Learn from it: Stars recall their experiences at U/19 CWCs

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Kuala Lumpur,Feb 14 (UNI) 'The U/19 Cricket World Cup is a great opportunity to put your name on the lips of the international cricket community, in the same way the likes of Yuvraj Singh and Mohammad Kaif did when they helped India win the competition back in 2000'.

This the advise to the youngsters by the test stars like Graeme Smith, Alistair Cook and Sanath Jayasuriya who have played in the previous editions of the champion.

The winner from 2000, India, is seeded second, with Australia (winners in the inaugural event back in 1988 and 2002) seeded third and England (winners in 1999) fourth.

Pakistan is the only team to have won back-to-back titles at this level, having triumphed in 2004 and 2006 in Bangladesh and Sri Lanka, respectively, and will now aim to make it a hat-trick as it goes into the event as top seed.

Defending champion Pakistan will get its campaign underway by playing the host Malaysia on February 17.

Along with the ten Full Members and the host Malaysia, Nepal (Asia), Ireland (Europe), Bermuda (Americas), Namibia (Africa) and Papua New Guinea (East Asia-Pacific) qualified from their regions to get to this stage.

A total of 44 matches, including 24 in the first round, seven in the Super League and 13 in play-offs will be played at seven venues across the three cities of Kuala Lumpur, Penang and Johor.

Speaking to ESPN-STAR Sport ahead of this year's event, which begins here on February 17, South Africa captain Graeme Smith said he was grateful for the opportunity to have played in an international event so early in his career.

''Representing your country is always a special honour and I still vividly remember my experiences of playing at the ICC U/19 Cricket World Cup in Sri Lanka back in 2000," said the Proteas skipper.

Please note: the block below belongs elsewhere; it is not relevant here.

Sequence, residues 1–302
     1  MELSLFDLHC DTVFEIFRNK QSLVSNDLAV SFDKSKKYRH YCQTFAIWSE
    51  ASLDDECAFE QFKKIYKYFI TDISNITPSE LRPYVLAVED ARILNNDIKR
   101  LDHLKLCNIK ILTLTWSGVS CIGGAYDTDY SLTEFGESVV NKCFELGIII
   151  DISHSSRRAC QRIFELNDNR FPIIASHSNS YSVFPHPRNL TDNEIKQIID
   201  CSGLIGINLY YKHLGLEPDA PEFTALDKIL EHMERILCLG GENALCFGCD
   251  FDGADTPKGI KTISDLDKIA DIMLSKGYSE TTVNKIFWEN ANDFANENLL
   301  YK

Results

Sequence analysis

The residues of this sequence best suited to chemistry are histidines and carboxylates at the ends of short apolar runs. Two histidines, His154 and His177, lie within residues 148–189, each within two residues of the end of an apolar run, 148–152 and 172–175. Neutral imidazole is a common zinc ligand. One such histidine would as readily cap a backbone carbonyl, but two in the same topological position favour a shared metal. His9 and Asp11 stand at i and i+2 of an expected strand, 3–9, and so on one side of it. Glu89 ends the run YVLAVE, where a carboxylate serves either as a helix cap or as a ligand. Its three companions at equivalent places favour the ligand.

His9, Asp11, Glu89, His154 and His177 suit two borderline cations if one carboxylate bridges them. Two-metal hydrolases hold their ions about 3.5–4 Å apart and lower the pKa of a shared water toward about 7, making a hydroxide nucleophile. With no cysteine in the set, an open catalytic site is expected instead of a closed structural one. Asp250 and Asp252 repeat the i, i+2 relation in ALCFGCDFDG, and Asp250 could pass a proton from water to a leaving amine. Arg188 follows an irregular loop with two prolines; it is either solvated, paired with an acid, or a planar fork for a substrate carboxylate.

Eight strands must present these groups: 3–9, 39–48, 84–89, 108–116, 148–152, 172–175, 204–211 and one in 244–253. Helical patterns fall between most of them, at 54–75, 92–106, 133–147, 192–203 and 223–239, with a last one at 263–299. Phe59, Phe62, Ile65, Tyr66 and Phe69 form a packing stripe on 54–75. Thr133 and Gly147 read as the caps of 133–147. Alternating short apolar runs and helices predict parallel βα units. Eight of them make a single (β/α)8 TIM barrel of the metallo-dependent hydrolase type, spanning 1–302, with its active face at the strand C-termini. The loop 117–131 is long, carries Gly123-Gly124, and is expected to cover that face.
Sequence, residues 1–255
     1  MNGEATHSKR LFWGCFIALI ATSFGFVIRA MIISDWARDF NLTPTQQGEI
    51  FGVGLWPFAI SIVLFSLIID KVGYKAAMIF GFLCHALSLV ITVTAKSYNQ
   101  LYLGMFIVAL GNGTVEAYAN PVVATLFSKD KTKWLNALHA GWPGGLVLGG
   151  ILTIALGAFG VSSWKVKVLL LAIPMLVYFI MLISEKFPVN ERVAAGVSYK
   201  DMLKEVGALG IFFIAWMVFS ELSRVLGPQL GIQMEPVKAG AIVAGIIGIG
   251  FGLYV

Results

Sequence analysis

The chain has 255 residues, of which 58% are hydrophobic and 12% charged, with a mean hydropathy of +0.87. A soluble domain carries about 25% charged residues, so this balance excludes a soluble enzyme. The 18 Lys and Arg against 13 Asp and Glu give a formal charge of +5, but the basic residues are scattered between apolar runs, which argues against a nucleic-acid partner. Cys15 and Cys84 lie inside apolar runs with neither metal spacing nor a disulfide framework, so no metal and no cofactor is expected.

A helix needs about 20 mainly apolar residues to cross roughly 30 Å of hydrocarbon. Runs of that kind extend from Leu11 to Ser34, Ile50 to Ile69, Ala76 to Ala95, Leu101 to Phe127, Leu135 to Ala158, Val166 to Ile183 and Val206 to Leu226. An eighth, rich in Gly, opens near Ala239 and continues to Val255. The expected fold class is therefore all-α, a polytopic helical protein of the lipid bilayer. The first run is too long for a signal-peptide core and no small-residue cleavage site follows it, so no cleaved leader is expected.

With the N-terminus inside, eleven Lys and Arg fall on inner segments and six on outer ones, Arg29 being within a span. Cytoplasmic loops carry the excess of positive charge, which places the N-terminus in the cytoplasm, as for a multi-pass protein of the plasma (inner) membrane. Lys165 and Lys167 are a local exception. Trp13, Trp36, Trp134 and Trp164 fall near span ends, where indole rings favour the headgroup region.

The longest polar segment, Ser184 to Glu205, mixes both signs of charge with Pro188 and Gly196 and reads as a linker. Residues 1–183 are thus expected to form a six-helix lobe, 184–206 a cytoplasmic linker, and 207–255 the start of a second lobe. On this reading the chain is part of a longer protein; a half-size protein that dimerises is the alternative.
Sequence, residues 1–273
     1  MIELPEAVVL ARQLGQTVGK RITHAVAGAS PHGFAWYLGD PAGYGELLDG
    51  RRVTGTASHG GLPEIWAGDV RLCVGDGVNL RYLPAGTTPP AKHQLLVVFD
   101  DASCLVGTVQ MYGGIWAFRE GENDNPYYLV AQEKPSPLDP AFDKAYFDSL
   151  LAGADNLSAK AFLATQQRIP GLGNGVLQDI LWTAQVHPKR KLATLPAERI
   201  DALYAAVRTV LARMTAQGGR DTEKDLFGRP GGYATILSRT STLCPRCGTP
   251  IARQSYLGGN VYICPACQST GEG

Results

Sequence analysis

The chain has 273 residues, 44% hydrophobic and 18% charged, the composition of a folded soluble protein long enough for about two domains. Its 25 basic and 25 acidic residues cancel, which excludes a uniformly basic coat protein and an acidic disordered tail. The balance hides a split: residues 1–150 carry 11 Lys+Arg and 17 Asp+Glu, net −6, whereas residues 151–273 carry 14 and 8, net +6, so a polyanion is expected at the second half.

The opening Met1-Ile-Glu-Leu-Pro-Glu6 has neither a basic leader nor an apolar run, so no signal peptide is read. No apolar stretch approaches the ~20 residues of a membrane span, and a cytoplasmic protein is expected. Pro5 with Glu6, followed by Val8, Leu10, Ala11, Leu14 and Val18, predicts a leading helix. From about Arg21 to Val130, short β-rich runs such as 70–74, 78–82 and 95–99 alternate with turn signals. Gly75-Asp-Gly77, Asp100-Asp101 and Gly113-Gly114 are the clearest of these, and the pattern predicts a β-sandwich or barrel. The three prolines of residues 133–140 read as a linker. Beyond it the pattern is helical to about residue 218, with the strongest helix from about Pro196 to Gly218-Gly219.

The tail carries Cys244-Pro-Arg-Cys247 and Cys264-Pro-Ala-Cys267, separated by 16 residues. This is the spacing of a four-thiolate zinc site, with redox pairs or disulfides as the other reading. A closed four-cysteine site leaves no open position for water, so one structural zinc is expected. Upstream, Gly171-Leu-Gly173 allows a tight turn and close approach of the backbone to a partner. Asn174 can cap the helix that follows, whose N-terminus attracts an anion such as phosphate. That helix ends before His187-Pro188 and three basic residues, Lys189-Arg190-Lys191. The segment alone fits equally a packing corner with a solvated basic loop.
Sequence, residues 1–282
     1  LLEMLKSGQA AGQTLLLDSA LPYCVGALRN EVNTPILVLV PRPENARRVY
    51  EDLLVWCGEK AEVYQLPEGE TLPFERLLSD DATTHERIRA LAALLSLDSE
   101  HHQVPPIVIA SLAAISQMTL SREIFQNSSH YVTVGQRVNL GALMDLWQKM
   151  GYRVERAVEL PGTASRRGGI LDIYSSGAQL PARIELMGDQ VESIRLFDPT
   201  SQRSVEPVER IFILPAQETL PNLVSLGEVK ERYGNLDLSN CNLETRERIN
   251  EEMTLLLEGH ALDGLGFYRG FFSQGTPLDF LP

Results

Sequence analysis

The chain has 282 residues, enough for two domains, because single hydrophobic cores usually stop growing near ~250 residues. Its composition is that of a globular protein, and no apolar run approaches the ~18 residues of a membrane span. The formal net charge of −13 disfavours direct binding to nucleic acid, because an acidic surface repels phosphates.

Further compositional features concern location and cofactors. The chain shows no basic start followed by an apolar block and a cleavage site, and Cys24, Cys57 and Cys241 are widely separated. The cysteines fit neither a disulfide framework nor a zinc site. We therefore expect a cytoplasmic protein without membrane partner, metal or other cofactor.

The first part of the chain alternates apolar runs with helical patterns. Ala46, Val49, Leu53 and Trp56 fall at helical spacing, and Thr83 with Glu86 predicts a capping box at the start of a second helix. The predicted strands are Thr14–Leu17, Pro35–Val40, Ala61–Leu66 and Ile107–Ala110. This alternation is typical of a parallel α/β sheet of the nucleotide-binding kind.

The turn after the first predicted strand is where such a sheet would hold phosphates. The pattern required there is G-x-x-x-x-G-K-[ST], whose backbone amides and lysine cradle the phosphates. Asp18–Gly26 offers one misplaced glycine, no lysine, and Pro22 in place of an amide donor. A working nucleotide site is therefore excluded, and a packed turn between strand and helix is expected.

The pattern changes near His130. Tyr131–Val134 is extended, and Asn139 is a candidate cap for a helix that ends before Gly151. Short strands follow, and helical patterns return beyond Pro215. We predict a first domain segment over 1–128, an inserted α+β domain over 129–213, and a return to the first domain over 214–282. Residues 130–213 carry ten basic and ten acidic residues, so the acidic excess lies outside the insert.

''It taught me the importance of dealing with the challenges that international cricket, particularly in a tournament environment, will throw at you. The challenge of taking on different teams in different conditions was an invaluable cricketing lesson.

Smith's sentiments were echoed by vastly experienced Sri Lanka all-rounder Sanath Jayasuriya, who played in the first U/19 CWC in 1988.

Brian Lara captained the West Indies, Michael Atherton captained England, Inzamam-ul-Haq was the captain of Pakistan. From that tournament I realised one has to work hard to be selected in the Sri Lanka team and to stay in the team. I saw a lot of players come in and then go again and I did not want to do that. I wanted to keep performing and working hard, said Jayasuriya.

England opening batsman Alistair Cook got his international career off to a great start at the 2004 U/19 CWC in Bangladesh.

In seven innings, the left-hander scored 383 runs at an average of 76.60 including a top score of 108 not out. His memories of that time are positive.

''What I remember most is the experience of staying together as a group of young lads trying to win a tournament, trying to progress through and trying to do our best. It was a tough tour playing under the conditions that we had. I have fond memories and it helped my cricket a long way,'' said Cook.

''After all, I wonder how many people who watched me play in 2000 would have thought that within three years I would be captaining my country at Test level. I certainly didn't and I hope my story is an inspirational one for all those taking part,'' added Smith.

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